Witness receives cash reward for protecting C Hill flag | NevadaAppeal.com

Witness receives cash reward for protecting C Hill flag

F.T. Norton

It wasn’t Jon Zegers’ first visit to the American flag that adorns C Hill, but it was his most memorable.

He witnessed a Dayton teen cutting an “A” in the flag and turned him over to police.

On Thursday, Zegers, 35, was rewarded with a $500 check from House of Drake in Carson City. He may also receive an additional $500 from Slot World and $500 from the Chamber of Commerce.

“We were disgusted the first time that someone cut the star out, so we put up a $500 reward for the arrest and conviction of anyone caught vandalizing the flag. We were hoping it would make people keep an eye on it,” said Scott Erskine, House of Drake owner.

“If my father had his way, all of Carson City would have their telescopes trained on the flag and diligently watch it.”

Zegers said he was on the hill April 11 when he was approached by three boys asking for a cigarette. As the group stood around smoking, Zegers said, the boys told him they were from Dayton and their names. He said Jakob Kuhlman commented on the star that had been reported cut from the flag on April 9.

“He says, ‘Oh look, somebody put rocks on it,’ and I said, ‘Did you read about that in the paper?’ And they all looked at me like, ‘Oh, it was in the paper?'” he said.

Zegers said Kuhlman then wandered over to the flag.

“He just walked away from the group. Bent over, picked up a rock and started hacking away at the flag,” he said. “I couldn’t believe it. I said, ‘Hey, what the hell are you doing?’ What really threw me was the fact that it was an anarchy ‘A.'”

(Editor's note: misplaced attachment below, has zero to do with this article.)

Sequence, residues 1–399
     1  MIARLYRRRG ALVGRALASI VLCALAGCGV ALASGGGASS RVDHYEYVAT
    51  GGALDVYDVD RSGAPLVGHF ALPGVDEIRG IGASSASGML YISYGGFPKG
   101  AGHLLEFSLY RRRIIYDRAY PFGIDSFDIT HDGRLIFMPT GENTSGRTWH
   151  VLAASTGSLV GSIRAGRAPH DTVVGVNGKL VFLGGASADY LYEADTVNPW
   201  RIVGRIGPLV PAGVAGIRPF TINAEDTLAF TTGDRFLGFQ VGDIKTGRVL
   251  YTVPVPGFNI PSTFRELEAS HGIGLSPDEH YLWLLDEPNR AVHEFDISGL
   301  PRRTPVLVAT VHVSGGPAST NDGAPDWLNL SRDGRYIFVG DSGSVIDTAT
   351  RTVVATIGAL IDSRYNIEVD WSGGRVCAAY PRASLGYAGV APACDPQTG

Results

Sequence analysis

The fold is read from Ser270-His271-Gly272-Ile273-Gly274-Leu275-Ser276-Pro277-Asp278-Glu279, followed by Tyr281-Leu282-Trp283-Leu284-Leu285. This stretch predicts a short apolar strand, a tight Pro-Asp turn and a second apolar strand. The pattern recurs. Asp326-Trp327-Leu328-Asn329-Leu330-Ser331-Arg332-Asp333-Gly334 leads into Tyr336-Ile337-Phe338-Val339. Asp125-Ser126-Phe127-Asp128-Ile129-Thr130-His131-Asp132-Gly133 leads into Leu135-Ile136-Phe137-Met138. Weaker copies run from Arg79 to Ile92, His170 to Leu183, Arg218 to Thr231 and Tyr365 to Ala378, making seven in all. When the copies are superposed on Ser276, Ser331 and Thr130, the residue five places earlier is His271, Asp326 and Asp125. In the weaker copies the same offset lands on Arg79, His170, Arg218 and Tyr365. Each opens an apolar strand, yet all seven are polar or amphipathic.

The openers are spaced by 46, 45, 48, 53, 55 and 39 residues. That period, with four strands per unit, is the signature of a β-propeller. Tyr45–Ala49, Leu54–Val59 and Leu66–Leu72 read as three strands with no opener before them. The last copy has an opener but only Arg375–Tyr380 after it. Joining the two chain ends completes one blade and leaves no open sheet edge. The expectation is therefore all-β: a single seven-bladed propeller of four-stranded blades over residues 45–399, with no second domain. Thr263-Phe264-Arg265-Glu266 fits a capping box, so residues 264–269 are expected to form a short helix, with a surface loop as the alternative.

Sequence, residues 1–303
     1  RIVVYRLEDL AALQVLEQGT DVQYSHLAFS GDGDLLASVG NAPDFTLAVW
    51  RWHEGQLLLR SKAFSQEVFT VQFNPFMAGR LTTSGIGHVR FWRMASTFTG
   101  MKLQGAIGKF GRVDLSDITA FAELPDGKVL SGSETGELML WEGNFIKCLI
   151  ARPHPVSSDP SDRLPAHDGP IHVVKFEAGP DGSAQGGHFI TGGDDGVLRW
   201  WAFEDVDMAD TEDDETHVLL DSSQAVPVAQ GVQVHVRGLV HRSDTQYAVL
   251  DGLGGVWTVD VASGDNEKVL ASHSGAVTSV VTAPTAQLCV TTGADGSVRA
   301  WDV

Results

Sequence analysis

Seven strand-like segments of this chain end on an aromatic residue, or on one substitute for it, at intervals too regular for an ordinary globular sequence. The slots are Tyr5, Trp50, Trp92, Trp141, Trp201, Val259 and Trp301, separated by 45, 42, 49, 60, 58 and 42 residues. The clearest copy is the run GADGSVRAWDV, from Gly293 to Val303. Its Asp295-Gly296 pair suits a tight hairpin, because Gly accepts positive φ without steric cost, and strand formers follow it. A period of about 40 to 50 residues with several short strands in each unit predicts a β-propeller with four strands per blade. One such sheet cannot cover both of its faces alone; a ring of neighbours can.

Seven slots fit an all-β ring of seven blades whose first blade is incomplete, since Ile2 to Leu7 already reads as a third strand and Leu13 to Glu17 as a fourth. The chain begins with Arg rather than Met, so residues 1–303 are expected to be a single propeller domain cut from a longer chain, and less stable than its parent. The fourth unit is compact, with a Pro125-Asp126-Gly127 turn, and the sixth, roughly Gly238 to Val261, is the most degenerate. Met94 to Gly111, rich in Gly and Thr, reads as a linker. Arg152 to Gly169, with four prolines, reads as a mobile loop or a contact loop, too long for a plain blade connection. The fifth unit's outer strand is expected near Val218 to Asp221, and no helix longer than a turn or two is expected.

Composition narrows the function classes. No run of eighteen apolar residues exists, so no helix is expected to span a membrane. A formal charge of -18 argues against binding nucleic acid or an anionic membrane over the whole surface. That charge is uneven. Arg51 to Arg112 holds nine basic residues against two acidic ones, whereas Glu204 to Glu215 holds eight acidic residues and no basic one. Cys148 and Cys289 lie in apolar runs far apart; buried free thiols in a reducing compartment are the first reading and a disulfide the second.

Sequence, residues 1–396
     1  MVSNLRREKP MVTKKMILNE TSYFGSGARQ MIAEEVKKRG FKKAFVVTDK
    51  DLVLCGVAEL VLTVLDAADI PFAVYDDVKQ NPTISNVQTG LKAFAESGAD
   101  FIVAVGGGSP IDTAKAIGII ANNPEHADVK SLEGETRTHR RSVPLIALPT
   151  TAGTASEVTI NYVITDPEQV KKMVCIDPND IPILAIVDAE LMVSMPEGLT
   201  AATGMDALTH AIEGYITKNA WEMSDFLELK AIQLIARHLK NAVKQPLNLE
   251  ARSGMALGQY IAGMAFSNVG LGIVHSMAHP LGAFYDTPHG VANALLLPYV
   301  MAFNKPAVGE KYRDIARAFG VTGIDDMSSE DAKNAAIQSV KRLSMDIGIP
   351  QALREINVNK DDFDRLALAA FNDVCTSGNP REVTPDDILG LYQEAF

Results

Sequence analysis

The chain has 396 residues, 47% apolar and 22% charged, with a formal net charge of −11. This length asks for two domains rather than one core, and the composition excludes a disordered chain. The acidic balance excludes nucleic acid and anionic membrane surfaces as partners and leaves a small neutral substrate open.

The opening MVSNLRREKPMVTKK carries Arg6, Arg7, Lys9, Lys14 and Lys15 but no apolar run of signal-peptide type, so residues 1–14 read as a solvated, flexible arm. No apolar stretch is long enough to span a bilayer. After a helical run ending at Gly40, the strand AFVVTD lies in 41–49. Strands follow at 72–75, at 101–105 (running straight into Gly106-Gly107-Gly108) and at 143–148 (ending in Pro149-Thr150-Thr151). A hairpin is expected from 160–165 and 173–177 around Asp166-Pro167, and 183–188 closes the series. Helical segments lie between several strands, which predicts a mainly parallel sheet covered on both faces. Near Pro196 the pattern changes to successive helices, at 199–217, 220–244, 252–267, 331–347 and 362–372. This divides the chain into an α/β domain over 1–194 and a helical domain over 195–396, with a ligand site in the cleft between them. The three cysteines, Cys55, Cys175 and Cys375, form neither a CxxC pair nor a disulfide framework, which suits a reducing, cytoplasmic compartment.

Immediately following the confrontation, the boys began hiking down the hill. Zegers walked to his truck and drove to the Carson City Sheriff’s Department. His police report is detailed, with a map of the flag, where police would find the discarded cigarette butts, a lengthy description of a new tattoo Kuhlman had shown him and individual descriptions of each of the boys.

Zegers told officers he would be able to identify them if he had a yearbook picture. A subpoena to Dayton High School provided Zegers with the pictures.

“I had no idea about the reward; it was just a matter of doing the right thing,” he said.

Erksine said House of Drake will have a standing offer of $500 for any future vandalism.

“It’s disgusting for someone to vandalize that flag, especially after Sept. 11,” he said. “It’s a good thing Jon was there or that kid would have just kept cutting.”

Zegers was glad he was in the right place at the right time.

“That flag up there isn’t just some decoration, it stands for something. You don’t have to believe in everything that the flag stands for, but the greatest freedom we have is that fact that you’re free to disagree,” he said.

Kuhlman pleaded guilty Monday to the second incident in Justice Court and was sentenced to 80 hours of community service, a $250 fine and $50 restitution. He is scheduled to leave for the Coast Guard in September and currently has a brother stationed on a Navy ship as part of Operation Enduring Freedom. He denies any involvement in the earlier cutting of the star.